We could restrict the debate to words of two syllables: You still couldn't win. It's not about 'elegant words' but about ideas and facts, neither of which are on your side of this.
Susan C. Caulfield - 4/11/2006
Y'all sound like a bunch of snobs to me. Didn't you become professors so as to impart your scholarly wisdom onto your students? Seems like you PhD types would be deflated and unsaluted without them there fancy titles.
Any dandy or fop can win a debate with elegant words. In the end, he's just a long-winded bloke who talks about history while the rest of us make it.
History Professors, PhD's, whatever you need to be called, come down off your thrones and engage with the real world again. You will find many students who are thankful for David Horowitz' efforts.
And that's a fact jack!
Real people want the real skinny on history. Make it happen!
Ralph E. Luker - 2/24/2006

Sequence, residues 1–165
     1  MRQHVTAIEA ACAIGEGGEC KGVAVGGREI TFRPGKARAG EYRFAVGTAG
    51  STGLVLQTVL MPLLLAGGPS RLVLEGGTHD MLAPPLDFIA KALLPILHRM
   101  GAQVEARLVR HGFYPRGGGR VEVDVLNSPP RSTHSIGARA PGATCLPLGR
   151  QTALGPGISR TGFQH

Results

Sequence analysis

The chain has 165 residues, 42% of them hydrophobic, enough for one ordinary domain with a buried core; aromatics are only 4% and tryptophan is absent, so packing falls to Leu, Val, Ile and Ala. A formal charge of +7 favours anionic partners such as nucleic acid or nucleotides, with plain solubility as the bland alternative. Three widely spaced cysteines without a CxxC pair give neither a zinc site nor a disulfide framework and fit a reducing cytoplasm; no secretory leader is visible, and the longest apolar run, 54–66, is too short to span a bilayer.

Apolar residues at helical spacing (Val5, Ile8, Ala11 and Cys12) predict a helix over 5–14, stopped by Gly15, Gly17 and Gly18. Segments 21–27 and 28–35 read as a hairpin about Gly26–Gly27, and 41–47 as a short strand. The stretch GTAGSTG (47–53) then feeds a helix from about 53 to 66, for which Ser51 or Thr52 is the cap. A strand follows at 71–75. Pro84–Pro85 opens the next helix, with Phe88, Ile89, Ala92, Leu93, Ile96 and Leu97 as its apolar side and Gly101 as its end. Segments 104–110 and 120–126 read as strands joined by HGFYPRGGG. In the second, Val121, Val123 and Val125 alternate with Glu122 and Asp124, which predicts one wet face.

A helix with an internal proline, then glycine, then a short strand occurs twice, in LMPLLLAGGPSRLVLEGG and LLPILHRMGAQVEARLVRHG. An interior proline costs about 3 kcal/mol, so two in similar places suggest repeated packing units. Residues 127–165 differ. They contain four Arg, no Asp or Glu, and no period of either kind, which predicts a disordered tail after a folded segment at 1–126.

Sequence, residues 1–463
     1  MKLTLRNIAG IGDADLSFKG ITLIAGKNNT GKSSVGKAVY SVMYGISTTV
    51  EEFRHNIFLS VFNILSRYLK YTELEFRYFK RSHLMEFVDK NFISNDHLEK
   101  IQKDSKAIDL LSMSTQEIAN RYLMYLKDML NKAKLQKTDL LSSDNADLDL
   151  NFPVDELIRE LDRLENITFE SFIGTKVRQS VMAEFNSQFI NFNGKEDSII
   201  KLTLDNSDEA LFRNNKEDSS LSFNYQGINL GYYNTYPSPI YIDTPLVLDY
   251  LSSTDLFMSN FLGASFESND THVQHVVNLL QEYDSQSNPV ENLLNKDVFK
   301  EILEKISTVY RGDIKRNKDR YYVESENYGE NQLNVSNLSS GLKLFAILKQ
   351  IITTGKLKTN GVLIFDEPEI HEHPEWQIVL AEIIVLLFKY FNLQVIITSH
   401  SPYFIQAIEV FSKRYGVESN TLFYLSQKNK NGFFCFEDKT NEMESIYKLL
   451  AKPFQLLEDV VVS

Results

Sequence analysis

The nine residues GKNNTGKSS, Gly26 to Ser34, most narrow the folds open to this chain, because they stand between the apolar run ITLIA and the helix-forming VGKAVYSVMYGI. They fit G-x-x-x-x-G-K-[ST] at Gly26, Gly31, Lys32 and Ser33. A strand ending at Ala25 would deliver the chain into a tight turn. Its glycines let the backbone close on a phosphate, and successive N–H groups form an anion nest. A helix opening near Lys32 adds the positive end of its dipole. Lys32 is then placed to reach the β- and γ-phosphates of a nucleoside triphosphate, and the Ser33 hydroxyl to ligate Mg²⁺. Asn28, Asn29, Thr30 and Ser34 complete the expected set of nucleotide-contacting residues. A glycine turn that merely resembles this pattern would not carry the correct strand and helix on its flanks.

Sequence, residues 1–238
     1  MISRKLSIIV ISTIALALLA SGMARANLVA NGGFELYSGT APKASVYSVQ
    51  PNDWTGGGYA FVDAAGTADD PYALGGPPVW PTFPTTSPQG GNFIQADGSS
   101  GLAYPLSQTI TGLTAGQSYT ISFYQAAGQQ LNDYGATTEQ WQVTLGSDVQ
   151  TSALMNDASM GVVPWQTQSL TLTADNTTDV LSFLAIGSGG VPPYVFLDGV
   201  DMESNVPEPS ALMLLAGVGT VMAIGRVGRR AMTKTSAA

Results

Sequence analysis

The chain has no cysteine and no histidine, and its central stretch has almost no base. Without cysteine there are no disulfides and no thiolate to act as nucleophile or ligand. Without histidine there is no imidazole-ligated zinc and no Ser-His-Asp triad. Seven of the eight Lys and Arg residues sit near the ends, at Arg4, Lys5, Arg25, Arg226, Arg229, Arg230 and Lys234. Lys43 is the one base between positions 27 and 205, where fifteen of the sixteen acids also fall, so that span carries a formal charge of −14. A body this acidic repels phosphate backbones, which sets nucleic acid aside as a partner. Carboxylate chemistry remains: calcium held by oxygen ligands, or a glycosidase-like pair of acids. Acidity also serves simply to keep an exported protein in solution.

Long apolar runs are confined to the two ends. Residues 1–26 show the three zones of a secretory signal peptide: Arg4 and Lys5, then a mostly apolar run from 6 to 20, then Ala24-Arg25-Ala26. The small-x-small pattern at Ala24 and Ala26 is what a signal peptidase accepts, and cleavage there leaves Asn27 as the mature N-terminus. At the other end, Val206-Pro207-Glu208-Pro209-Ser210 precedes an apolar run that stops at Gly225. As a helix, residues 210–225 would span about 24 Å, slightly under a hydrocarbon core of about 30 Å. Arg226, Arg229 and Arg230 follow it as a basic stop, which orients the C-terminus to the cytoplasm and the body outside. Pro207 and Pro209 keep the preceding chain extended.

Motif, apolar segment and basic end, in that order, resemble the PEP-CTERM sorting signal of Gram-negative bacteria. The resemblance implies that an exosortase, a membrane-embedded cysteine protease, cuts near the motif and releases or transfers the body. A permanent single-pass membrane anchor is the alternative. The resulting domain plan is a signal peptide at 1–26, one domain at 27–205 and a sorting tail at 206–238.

Congratulations Professor Caulfield! You have a terrific sense of humor.
Susan C. Caulfield - 2/24/2006
I would like to nominate David Horowitz for an honorary Doctoral Degree from the most respected university on the planet...The Academy of Life Experience. One reason we study history is to avoid the repetition of mistakes. Unlike many historians today with letters such as "Ph.D." after their names, David Horowitz has examined history, learned from it, and made positive changes in his life. As a graduate student at a New York College, I thank God for the voice of Dr. David Horowitz.
Ralph E. Luker - 2/21/2006
It was a priority for me to know which historians Horowitz had decided to target. Oh -- and before you and your friend David come over here to criticize us for commenting on a book we think isn't worth reading -- you might want to interrogate Horowitz about how much of the work of those 19 men and women he actually read before he thought he knew enough to write a whole book about them. How much of their work have _you_ read?
Jonathan Dresner - 2/21/2006
You misunderstand me, and I'm going to assume that it's accidental. I am quite well-informed as to Mr. Horowitz's general positions and some of his specific ones; the lists themselves include names which he has previously named and attacked before, and no new names which are in any way inconsistent with his previously stated positions (therefore, my curiousity is not piqued by the mere existence of the list).